Botha M, Dibb B & Frost DM (2022) "Autism is me": an investigation of how autistic individuals make sense of autism and stigma. Disability & Society, 37 (3), pp. 427-453. https://doi.org/10.1080/09687599.2020.1822782
There are many different perspectives for understanding autism. These perspectives may each convey different levels of stigma for autistic individuals. This qualitative study aimed to understand how autistic individuals make sense of their own autism and experience the stigma attached to autism. The study used critical grounded theory tools. Participants (N = 20) discussed autism as central to their identity, and integral to who they are. While participants thought of autism as value neutral, they expressed how society confers negative meanings onto autism, and thus, them. The findings also indicate that different understandings of autism confer different levels of stigma. Participants expressed constant exposure to stigma and managed this stigma in different ways. Such methods included reframing to more positive understandings of autism, the reclamation of language, and using concealment and disclosure strategically. The implications of these findings are discussed further in the article.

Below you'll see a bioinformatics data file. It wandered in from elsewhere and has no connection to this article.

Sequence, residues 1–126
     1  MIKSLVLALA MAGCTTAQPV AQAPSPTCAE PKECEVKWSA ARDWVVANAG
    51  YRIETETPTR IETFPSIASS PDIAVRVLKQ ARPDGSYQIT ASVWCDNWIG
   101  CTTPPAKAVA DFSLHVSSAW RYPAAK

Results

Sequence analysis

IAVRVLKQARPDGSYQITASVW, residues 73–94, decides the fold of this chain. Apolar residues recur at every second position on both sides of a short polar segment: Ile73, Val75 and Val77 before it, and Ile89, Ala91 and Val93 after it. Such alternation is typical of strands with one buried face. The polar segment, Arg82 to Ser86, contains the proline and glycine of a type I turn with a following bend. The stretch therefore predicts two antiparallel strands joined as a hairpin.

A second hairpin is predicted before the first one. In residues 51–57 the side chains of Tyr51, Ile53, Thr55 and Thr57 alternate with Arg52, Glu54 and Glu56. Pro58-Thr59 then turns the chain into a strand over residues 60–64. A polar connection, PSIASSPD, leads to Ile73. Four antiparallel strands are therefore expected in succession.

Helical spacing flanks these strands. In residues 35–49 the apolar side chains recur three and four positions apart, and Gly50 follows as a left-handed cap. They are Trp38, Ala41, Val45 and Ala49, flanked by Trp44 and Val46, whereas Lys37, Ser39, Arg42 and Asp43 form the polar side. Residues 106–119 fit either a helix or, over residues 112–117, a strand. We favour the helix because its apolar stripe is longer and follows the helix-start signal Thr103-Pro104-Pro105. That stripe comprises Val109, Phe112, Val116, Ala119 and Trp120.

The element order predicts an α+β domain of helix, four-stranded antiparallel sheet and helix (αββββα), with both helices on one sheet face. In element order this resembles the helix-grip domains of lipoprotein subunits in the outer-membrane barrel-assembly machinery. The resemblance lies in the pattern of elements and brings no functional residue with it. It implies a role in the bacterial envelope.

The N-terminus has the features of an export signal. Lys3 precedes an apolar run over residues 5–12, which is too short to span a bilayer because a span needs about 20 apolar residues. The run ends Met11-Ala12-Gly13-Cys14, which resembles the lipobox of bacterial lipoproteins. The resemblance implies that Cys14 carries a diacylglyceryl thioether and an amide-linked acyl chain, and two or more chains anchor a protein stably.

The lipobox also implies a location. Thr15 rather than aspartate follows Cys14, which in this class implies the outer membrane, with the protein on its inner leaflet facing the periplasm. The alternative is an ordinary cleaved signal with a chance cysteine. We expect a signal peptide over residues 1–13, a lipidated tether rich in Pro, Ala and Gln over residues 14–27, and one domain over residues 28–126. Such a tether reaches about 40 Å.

Autism; stigma; minority-stress; identity; identity first language
Disability & Society: Volume 37, Issue 3
|Publication date online||06/10/2020|
|Date accepted by journal||09/09/2020|
|Publisher||Informa UK Limited|